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Monthly Archives: February 2017


The 10% Rule And Your Credit Scores


Credit card balances can bounce your scores around every month.  Max out your card and your scores plummet, pay off your cards and scores jump.  This is due to “credit utilization” on your revolving credit accounts (credit cards).  In the FICO scoring model, your utilization is reflected in 30% of your credit rating.  This is the 2nd largest factor to your credit rating, only behind payment history which is 35% of your rating.

There are online “what if ” simulators I’ve worked with over the years, and I’ve run numerous scenarios on credit utilization and your credit scores.  I’ve run simulation on paying off credit cards, paying down to 30% of limits, and down to 10% of limits.  On all the simulators I’ve found, the most points for your credit scores isn’t to pay off your credit cards, but to have them at a 10% balance of the credit limit.

So the next time you’re trying to raise your credit scores for a mortgage or auto loan, pay down your credit cards to 10% of the credit limit.  You’ll have to wait until your next statement is generated for the balance to report to the credit bureaus to help your scores.  Or you can “Rapid Rescore” those balances to update in a week.  A Rapid Rescore is an unscheduled update your credit accounts.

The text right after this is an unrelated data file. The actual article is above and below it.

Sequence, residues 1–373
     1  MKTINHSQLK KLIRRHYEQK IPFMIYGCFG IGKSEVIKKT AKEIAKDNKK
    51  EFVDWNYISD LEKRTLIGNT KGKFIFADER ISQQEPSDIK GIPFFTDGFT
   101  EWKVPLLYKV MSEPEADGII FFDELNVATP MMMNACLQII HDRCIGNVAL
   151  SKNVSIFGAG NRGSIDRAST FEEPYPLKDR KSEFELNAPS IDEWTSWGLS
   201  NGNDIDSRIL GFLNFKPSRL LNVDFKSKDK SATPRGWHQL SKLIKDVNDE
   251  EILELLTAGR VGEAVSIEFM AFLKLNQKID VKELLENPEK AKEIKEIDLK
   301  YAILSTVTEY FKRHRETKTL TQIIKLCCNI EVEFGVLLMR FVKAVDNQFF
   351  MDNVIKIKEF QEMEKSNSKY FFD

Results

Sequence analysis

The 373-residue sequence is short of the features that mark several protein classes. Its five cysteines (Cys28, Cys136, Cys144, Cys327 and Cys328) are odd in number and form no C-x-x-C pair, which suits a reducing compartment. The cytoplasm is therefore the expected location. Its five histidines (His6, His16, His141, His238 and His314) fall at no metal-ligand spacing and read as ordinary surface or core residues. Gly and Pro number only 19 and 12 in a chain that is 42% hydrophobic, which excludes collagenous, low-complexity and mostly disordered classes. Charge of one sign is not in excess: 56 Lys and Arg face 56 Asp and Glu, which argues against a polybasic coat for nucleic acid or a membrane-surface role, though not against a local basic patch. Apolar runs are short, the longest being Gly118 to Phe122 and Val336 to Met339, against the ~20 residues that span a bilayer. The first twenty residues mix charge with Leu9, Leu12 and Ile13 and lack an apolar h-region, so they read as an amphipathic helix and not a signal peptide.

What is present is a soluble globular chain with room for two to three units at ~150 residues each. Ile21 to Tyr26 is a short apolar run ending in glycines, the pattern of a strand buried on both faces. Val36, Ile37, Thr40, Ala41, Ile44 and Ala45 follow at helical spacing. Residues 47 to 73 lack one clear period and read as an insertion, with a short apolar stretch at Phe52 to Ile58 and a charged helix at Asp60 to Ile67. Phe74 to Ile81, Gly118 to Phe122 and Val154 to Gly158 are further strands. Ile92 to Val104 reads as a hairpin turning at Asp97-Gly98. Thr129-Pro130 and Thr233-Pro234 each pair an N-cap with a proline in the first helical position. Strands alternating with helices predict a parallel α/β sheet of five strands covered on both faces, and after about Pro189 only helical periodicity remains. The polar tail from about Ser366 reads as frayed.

Why You Should Not Use Credit Karma



Ya know that old saying, what is free isn’t good and what is good isn’t free??  Well the same applies to this website.

Credit Karma has been around for years giving away free credit report and score info.  Most people flock to this website because it is free.  But what most don’t realize is that the information on the site can be misleading (credit scores) or just plain incorrect.

Let’s first talk about the credit scores on the site.  Those scores are what are called “Vantage 3.0 Credit Scores”.  To my knowledge, no bank uses this credit scoring model.  So they are not only useless but can also be higher (by a lot) than a credit score that a bank will use to extend you credit (FICO score).

So to most people’s surprise, they go to Credit  Karma and see a credit score of 680 for example.  They then go to a bank for a mortgage or auto loan and the bank pulls a FICO score which ends up being a 620.

Next let’s talk about what Credit Karma really is, it’s an advertising site for credit cards, auto loans, mortgage loans, and even credit repair.  Your information is being collected and shared with companies willing to pay for the data.  When you apply for a credit card, auto loan, mortgage loan, or credit repair through the site they get paid from the advertiser.

So what’s the big deal with that?  Well, in order to put you infront of their advertisers Credit Karma will send you false email alerts that your credit info has changed (for the worse).

Case in point, I was emailed an alert from Credit Karma stating that one of my credit card limits was reduced.  I logged into Credit Karma to see which card’s limit was reduced.  I then called my bank to see if they lowered the limit, and they hadn’t.  So they use these deceit tactics to try and make money.

My advice is to pay for your credit monitoring.  I personally use www.PrivacyGuard.com . It’s inexpensive ($20 per month) and has a credit score simulator built into the site that will show how much your scores will go up when you pay down credit cards, bring past due accounts current, etc…  Their credit scores aren’t FICO scores, they are called CreditXpert scores which are pretty similar to FICO.

For more credit info or if you’d like me to review your credit report, please feel free to contact me direct, 7 days a week.

Thank you,

Jason Hall

President and Certified Credit Expert

Direct- 949.505.9971

Mobile- 808.633.5023

Fax- 866.567.8054